Just to clarify Michael, I never wrote that the sex in The Wise Man's Fear was "explicit". I stated it was "surprisingly gratuitous" and went on to describe the novel as mainly PG-13...

Unknown said...

I do not share your disappointment with the Wise Man's Fear, but I can see why it's not for everyone.

For me, it's probably one of the best reads this year - and ranks among my all-time favorites, in fact. I'm not a genre-buff per se, and that might explain some of the difference in opinion.

It's not (at all) ladden with action, but I distinctly like that it tries to be something different that other fantasy-books. It's a bit like a theater-piece - more interested in its characters and its form than in the scenery or in pressing any story forward. The world was never filled with geography with a Tolkien-esque or GRRM-esque richness. The settings are sketched - with not much connecting them - and merely provide the background for the characters to perform against - in small vignettes or in large extended scenes.

I was entirely charmed by it. But I can see why it's not for everyone.

Liviu said...

@Troels: I would not disagree with what you say, just that while I love a lot of non-genre books, I dislike mainstream academia/college novels and TWMF is very similar to that for a good chunk; when it moves away from the college environment it became considerably better for me.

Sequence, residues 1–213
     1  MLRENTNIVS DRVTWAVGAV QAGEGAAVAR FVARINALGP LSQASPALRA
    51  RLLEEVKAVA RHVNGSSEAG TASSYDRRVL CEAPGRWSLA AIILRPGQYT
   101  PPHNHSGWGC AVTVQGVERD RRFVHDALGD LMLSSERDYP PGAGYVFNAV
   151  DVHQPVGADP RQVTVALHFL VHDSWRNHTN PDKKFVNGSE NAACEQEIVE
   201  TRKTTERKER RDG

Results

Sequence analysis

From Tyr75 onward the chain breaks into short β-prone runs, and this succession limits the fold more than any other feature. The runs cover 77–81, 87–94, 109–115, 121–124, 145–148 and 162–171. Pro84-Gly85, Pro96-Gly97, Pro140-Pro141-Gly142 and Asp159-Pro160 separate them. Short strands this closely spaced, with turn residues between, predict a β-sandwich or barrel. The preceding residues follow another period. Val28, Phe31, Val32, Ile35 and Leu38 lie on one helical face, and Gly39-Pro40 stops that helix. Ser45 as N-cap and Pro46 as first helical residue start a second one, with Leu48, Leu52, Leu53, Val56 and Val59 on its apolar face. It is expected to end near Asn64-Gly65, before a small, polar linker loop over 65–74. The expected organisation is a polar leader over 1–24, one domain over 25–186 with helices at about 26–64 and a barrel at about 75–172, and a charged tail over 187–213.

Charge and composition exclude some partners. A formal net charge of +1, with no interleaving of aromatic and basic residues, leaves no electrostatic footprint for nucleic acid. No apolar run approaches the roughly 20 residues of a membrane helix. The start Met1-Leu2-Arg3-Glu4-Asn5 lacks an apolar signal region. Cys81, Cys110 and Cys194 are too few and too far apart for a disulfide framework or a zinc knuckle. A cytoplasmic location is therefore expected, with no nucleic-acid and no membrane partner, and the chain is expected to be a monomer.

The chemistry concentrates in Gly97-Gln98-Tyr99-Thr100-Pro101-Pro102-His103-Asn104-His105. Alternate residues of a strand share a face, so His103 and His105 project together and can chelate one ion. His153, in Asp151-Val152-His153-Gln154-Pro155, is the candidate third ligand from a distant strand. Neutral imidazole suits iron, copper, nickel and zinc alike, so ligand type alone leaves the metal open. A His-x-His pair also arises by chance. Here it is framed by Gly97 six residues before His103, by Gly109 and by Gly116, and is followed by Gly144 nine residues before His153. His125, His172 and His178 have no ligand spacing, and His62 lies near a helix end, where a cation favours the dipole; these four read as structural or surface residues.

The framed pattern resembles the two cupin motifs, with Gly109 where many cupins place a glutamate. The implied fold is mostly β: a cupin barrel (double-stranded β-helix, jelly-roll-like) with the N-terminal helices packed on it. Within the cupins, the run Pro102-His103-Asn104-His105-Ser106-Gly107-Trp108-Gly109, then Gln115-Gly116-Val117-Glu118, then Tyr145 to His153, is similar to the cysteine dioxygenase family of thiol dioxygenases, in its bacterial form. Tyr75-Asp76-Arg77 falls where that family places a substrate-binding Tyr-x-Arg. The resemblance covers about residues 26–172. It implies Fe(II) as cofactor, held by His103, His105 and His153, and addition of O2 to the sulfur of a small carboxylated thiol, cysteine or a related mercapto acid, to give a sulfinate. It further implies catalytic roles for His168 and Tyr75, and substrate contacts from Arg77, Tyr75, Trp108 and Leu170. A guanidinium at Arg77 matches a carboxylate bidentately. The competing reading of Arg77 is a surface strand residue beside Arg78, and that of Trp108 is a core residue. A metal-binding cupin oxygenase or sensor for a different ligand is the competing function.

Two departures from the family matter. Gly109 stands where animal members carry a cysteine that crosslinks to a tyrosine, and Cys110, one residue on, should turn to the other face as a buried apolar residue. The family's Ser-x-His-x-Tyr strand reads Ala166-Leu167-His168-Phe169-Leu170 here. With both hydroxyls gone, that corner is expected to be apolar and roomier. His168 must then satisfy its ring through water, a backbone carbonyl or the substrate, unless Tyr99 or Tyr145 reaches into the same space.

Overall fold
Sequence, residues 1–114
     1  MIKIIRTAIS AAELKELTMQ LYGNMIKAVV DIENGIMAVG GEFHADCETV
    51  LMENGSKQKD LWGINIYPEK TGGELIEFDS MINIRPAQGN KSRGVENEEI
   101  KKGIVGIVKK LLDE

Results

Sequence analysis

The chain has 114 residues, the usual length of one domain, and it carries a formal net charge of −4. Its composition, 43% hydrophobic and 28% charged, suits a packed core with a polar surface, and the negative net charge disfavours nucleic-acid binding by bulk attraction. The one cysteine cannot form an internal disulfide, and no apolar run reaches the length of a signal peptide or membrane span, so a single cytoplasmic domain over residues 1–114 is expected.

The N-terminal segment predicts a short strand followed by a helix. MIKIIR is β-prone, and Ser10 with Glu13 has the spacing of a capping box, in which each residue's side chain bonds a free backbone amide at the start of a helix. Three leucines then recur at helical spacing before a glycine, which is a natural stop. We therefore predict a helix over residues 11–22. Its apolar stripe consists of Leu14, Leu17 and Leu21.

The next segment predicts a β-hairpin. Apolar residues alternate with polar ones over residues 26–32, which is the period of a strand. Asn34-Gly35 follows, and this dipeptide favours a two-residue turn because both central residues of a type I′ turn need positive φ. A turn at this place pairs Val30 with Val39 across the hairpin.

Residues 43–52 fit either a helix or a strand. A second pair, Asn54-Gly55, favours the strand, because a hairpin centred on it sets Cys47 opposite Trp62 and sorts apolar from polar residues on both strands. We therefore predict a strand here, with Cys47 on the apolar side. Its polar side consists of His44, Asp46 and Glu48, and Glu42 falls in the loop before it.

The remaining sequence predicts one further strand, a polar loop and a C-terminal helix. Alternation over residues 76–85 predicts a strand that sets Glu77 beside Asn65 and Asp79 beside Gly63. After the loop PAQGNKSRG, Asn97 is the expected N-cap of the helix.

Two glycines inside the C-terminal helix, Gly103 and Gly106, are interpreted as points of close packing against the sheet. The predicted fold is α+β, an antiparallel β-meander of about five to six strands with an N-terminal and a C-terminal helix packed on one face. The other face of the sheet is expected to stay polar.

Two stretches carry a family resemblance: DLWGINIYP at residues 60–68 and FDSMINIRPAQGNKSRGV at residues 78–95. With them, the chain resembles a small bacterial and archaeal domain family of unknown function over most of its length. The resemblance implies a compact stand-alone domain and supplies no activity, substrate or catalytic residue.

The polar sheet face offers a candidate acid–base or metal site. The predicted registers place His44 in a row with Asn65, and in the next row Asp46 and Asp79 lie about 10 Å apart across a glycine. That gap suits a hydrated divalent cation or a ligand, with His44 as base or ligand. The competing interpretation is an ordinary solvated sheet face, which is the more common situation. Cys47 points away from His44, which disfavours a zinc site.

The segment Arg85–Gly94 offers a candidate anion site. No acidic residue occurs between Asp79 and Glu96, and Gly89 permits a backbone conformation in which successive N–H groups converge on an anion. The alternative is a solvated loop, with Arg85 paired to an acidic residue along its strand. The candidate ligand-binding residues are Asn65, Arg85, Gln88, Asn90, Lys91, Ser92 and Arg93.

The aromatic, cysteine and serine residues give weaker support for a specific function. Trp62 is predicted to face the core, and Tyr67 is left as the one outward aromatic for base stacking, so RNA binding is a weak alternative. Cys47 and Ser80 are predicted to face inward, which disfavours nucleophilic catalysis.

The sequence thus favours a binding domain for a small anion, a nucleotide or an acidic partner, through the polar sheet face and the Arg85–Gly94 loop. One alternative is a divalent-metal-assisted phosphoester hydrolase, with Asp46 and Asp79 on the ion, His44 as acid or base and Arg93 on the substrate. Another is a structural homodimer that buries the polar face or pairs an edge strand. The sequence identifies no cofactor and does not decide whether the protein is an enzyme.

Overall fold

The other issue is that in TNoW the author explicitly promised quite a lot about Kvothe's memories and as mentioned, i just do not see how we will see that in one more volume

Unknown said...

Just a quick answer to say that while I do love the book, I agree. I can't really see all the open ends and threads of the story unrolled in a meaningful manner and brought satisfactorily to a conclusion in a single book. For now, though, I'm happy and entertained.

Jay said...

I really lilked TWMF but i agree it hardly went anywhere considering the size. However, his writing sucks me right in. Who wants to have a wager that the 'final' book will be split into two parts :)

I'm going to give Rothfuss the benefit of the doubt and hope he knocks it out of the park in the conclusion.

Anonymous said...

@ Robert: my apologies for getting the reference incorrect. I'd have to agree, mostly because so much of the book seemed gratuitous.

As Liviu wrote, Rothfuss seems to have painted himself into a corner. Given the current pace of both his actual writing and the story, I don't see how he can possibly wrap this up in one more volume.

I'm betting there are at least two more books, maybe three.

Mihir said...

@ Michael

I think there's definitely going to be another trilogy after the Kingkiller Chronicles. If I remember correctly in one of his earlier interviews around the debut release, he had mentioned that he had plans for a follow-up trilogy(though later on all mentions of this trilogy have been met with silences or refusal to discuss.)


Anonymous said...

I agree on The Wise Man's Fear. He spent so much time on the book but in the end it was just three days of him explaining details he left open in the first one and making me wonder how hes going to introduce the massive amounts of plot devices he still hasn't explained into the third and final book. It smells like Brisngr, a trilogy that's gotten too big for its britched